BEIRUT: A suicide bomber blew himself up Friday morning at a police checkpoint on the Beirut-Damascus highway in east Lebanon, killing one police officer and wounding 32 people.
General Security head Maj. Gen. Abbas Ibrahim said he narrowly escaped the attack in Dahr al-Baidar after the blast went off just 200 meters away from his convoy.
"The explosion in Dahr al-Baidar occurred moments after the convoy I was in passed through the checkpoint," Ibrahim told a local television station.
Hours later, the Lebanese Army released a photo of a man suspected of being the suicide bomber behind the explosion, asking citizens with information to come forward, a security source told The Daily Star.
In a statement, the Internal Security Forces said they had received information that a terrorist group was planning to carry out an attack in Beirut and other areas on June 20.
On his way from the Bekaa to Beirut, the suicide bomber stopped in the eastern village of Sofar for coffee, a security source told The Daily Star. The shop owner immediately contacted police after he noticed the customer was too nervous.
The bomber then made his way to Aley but raced back to the Bekaa after security forces intercepted his vehicle.
At the Dahr al-Baidar checkpoint, police officers cut off the road with a pick-up truck, the source said.
"As soon as the vehicle arrived at the police checkpoint, officers asked the driver to step out [of the vehicle], he then blew himself up,” the ISF said.
The source denied that Ibrahim was the target of the Dahr al-Baidar attack.
Another security source told The Daily Star that security agencies had received intelligence that members from the Islamic State of Iraq and Greater Syria (ISIS) were preparing a suicide attack in Lebanon.
Jihadists groups fighting in Syria have claimed responsibility for previous car bombing attacks targeting Beirut’s southern suburbs, in retaliation for Hezbollah’s role in Syria.
The Interior Ministry said seven security personnel were among the wounded in the explosion, which occurred around 11:30 a.m. The Health Ministry said the one person was killed and 32 others wounded.
The sources said that most casualties were from a civilian van caught in the blast, while the man killed was Mahmoud Jamaleddine, 49, a warrant officer in the Internal Security Forces.
Military Prosecutor Saqr Saqr, who arrived to the site of the bombing, said the 4WD vehicle was rigged with at least 25 kilograms of explosives.
ISF chief Maj. Gen. Ibrahim Basbous said the vehicle was originally headed to Beirut but security forces grew suspicious of the Nissan Murano at a certain location, "prompting the driver to return to the Bekaa."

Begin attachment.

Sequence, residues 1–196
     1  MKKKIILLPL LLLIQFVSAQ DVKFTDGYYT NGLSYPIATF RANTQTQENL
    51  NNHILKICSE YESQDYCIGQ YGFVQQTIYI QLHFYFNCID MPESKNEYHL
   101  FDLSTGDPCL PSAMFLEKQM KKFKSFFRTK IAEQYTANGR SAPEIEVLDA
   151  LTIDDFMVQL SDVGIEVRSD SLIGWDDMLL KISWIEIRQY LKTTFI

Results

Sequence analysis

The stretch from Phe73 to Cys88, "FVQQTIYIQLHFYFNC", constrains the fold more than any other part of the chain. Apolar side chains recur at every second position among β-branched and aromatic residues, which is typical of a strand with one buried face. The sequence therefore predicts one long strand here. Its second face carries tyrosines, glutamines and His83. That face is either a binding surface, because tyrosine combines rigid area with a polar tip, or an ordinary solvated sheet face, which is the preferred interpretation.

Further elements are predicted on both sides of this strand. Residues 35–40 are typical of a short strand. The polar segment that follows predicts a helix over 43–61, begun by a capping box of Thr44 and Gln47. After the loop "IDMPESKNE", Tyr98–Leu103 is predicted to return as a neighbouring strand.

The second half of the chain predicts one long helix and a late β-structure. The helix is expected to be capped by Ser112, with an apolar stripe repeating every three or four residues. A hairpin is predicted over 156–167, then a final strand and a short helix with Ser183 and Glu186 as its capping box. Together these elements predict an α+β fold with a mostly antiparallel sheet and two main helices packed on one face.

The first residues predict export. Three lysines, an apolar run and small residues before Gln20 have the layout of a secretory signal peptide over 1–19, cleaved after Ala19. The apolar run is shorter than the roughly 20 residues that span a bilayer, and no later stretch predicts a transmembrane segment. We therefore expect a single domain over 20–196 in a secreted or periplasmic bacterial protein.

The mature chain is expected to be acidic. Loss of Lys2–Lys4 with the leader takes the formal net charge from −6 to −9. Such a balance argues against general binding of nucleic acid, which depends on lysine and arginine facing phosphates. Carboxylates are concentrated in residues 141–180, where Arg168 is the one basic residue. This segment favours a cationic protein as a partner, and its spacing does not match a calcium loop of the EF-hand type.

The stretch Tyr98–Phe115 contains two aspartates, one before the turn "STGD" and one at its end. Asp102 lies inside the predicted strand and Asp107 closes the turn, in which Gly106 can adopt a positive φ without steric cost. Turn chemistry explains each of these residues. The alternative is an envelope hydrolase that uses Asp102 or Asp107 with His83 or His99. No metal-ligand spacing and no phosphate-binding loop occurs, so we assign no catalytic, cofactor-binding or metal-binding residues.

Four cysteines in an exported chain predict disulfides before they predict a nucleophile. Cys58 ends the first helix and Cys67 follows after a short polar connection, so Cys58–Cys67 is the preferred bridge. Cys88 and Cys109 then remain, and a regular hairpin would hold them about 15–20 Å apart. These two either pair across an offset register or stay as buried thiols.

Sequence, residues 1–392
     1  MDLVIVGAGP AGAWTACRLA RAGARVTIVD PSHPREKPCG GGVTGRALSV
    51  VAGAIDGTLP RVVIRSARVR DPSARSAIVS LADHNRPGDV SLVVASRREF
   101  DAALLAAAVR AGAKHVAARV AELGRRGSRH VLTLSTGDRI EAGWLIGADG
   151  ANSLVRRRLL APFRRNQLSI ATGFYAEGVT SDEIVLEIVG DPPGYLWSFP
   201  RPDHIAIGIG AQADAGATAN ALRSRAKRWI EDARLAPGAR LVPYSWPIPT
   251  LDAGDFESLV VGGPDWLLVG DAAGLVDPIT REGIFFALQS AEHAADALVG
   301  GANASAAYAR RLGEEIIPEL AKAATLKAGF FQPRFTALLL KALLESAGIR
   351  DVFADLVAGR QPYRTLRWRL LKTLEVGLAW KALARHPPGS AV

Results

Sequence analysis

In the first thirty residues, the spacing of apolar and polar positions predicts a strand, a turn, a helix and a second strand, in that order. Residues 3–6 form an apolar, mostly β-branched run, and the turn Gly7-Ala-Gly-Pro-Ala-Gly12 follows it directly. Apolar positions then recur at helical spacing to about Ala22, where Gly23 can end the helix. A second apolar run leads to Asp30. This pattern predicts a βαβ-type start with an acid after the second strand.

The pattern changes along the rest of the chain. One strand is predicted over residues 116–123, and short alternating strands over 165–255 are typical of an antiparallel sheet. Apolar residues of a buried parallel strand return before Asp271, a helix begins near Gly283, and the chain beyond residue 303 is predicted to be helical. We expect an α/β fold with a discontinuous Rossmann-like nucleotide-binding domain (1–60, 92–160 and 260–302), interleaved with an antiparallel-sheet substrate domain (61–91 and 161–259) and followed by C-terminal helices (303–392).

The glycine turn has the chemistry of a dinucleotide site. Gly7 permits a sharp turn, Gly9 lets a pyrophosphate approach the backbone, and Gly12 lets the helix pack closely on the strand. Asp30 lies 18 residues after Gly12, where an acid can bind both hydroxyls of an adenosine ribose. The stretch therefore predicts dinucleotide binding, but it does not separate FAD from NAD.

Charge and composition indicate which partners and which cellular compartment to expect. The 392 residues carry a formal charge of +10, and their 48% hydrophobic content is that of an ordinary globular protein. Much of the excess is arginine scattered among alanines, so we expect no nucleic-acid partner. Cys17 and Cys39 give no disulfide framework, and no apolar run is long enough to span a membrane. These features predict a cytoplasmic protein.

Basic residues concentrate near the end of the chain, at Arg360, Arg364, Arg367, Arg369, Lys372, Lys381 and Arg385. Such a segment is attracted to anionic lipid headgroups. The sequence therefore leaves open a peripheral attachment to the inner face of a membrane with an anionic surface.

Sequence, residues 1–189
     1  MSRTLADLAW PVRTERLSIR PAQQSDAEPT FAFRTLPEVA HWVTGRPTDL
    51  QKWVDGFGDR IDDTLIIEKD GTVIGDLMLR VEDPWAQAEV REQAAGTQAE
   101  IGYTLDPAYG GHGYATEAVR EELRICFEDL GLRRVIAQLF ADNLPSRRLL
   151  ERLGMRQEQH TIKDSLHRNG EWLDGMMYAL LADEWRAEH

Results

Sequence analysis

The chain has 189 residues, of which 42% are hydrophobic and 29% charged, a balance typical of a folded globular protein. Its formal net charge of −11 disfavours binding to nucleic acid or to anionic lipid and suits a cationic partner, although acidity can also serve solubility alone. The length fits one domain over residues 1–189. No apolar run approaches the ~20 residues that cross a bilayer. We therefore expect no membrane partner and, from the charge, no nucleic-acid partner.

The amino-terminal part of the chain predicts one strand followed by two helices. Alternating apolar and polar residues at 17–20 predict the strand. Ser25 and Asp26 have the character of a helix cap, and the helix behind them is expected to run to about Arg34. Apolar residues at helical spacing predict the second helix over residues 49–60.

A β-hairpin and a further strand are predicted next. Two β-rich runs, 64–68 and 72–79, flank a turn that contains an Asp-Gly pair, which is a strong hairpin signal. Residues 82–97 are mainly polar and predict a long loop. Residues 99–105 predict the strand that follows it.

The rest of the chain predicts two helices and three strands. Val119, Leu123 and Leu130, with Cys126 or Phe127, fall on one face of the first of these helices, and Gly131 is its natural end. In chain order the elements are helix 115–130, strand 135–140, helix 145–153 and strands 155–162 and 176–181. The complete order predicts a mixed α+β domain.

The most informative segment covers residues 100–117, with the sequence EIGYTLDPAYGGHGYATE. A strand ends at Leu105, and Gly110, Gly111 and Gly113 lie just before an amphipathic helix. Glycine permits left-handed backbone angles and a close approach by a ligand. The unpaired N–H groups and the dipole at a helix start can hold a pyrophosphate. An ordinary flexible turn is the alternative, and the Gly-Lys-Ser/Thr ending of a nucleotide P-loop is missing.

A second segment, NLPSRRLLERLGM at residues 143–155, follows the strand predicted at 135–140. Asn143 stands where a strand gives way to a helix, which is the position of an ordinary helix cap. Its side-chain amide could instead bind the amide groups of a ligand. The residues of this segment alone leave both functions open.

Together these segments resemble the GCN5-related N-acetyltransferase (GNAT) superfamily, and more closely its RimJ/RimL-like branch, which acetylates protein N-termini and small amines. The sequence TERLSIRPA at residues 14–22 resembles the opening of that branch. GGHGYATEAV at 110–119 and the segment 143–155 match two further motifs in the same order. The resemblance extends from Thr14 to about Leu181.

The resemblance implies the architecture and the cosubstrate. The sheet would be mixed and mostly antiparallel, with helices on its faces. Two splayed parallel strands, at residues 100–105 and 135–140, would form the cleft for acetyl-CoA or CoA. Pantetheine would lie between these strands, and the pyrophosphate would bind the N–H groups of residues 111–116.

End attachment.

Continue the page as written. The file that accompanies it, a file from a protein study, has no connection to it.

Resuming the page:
"Members of the Internal Security Forces at the checkpoint stopped the vehicle and the driver blew himself up as police officers were searching car," Basbous told reporters upon his arrival to the site of the deadly blast.
After the blast, security forces blocked several roads in the capital, including the airport road and those leading to Speaker Nabih Berri's residence in Ain al-Tineh, Hamra, Verdun, the Kuwaiti Embassy, UNESCO, as well as the military hospital, the NNA reported.
The attack came an hour after the ISF's Information Branch raided a hotel in Beirut looking for terror suspects, with a senior security source saying that police were “working on thwarting a big security plot.”
In its statement, the ISF said they apprehended 17 people at a hotel in Beirut who are now being interrogated.
Speaking to a local television, Ibrahim said security agencies had been on high alert since the early hours of the morning to prevent a “possible terrorist attack.”
“All security chiefs are targets and the war is between us and terrorism,” he said.
Ibrahim told Reuters that security officials had information that Sunni militants were aiming to assassinate him.
Earlier in the day, Berri’s Amal Movement canceled a planned conference over unspecified security threats. After the blast, U.S. Ambassador to Lebanon David Hale called off his scheduled meeting with Foreign Affairs Minister Gebran Bassil for similar reasons.
Friday’s bombing shattered near three-months of calm after a Lebanese Army-led security plan curbed a series of bombings that hit the country over the past year.
Prime Minister Tammam Salam called for an urgent security meeting at the Grand Serail in light of the bombing and security fears.
The meeting affirmed that the country would continue the implementation of the government-commissioned security plan, launched April 1, and impose stricter measures to foil future terror plots.
"Salam said today's events aim to destabilize the country after the success of the security plan,” Mohammad Kheir, the general-secretary of the Higher Defense Council, told reporters at the end of the meeting.
"[Salam] asked concerned ministers and security officials to remain on high alert and carry out their national duties to foil plots to mess with the country's security.”
Salam also said that Friday's attack should be an incentive for political parties to reactivate the work of constitutional institutions to fortify Lebanon.